Finance Minister Arun Jaitley has proposed a slew of measures related to e-governance, launching of virtual class rooms and online courses besides a googly by adding a key part of the digital economy to service tax.
One move which was expected but did not materialise was announcement of FDI in e-commerce. The Budget allowed manufacturers with FDI to sell directly on e-com without prior approval. However, this does not mean much for the sector as it was already allowed but not too commonly used as it creates channel conflict with manufacturer’s own distributors.
Here’s a quick look at the proposals which affect the digital economy:
The sale of space or time for advertisements in broadcast media has been extended to cover segments like online and mobile advertising.
Commenting on how this could affect innovation in the space, Dippak Khurana, co-founder and CEO, Vserv.mobi, said, “It reflects differentiated treatment as traditional print media remains unaffected with respect to the tax purview but new digital media (which is actually driving innovation) will have to bear the brunt. Currently, India’s exponential mobile penetration and app consumption patterns are driving the growth of the mobile advertising industry and this development could hamper innovation efforts of the entire ecosystem comprising mobile development startups, advertisers and publishers.”
Others also point out that this was an unexpected move by the government and detrimental to the service industry, particularly startups.
“This will increase costs for startups and digital economy companies as a lot of services are leveraged by these companies. Similarly one-person companies or single individuals providing a service too are affected,” said Vijay Shekhar Sharma, founder and CEO of One 97 Communications.
“On the other hand, the government has removed service tax for print and that’s like promoting old world media over new world economy options. We would have loved to have a more future focused policy regarding this particular aspect of the budget,” he added.
Sameer Shah, co – founder & COO, Bonzai.ad, said, “The plan to extend service tax on advertising in mobile phone media space is a bit unexpected since mobile advertising is a growing medium in India and is still in its nascent stage. Re-introduction of service tax in this emerging & growing sector is surprising. We will have to wait and watch the impact on growth of mobile advertising in India.”
The e-commerce companies in particular and startups in general have been some of the biggest users of the digital advertisements. They’ve found the move a dampener for their growth.
But some like Manu Agarwal, founder & CEO Naaptol.com, feel that the rise in costs may not pinch as much. “This is because the rates of the online advertisement space are very less compared with outdoor or print, yet they have a massive reach,” he said.
Raghav Kansal, founder and CEO, ET Medialabs, said, “The move shows that the government is recognising the industry and its share in the market. This shall lend credibility to the industry and is a clear indicator of future trends. However, this can be a deterrent for startups as their entire marketing budget is allocated to online advertising and for them, every penny counts.”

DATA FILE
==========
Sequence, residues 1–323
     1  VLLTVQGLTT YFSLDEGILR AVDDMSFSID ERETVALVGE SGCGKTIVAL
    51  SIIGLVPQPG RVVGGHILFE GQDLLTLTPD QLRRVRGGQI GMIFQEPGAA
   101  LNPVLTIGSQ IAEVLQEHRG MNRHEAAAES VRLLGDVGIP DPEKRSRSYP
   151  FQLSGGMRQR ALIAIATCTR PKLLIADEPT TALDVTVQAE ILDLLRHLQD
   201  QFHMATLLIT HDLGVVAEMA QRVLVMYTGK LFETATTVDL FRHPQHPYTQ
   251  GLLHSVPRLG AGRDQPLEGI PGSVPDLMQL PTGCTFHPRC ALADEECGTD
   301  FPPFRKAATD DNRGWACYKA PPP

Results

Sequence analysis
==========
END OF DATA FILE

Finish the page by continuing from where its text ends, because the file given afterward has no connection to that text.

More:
Preetesh Chouhan, vice president -APAC of video advertising company Vdopia Inc., added, “Our numbers show that we are witnessing an amazing organic growth of both online and mobile audiences and this is not going to change. So my opinion is that tax levied will not affect how brands are allocating spends on digital media. In fact, it could be a good opportunity to see if we have made the final transition from niche to mainstream advertising.”
At the same time, service provided by radio-taxis has been brought under the service tax ambit. This would push up the tariffs to be charged by online radio cab firms. Whether they would pass this on to the consumer or absorb through cut in margins is to be seen.
National Rural Internet and Technology Mission & e-governance
Nothing fancy as broadband to rural areas has been talked about for years and is a work in progress. This scheme is aimed at providing high-speed broadband network in villages and promoting local manufacturing of hardware and Indian software products. The government has also earmarked Rs 500 crore for the same.
The government had previously proposed introducing of e-visas at nine airports and the FM reiterated the plan to implement it in the next six months to attract more tourists. This essentially would allow foreign tourists to get visa to visit India through an online application. The new process would create e-governance business opportunity.
Diwakar Nigam, managing director of Newgen Technologies and co-founder of software product industry body Ispirit, said that the industry expects the government to embrace open APIs (application programming interface) and standards for its e-government services.
Virtual class rooms and online courses
The government is also planning to set up virtual classrooms and online courses for school education, and has allocated Rs 100 crore for this initiative.
Jay Pullur, CEO, Pramati Technologies, said, “Software products can significantly transform the way education is imparted at the rural level and across the masses of India. The special mention (in Budget) is clearly an indication of the government’s resolve to bridge the divide between the haves and the have nots.”
(Edited by Joby Puthuparampil Johnson)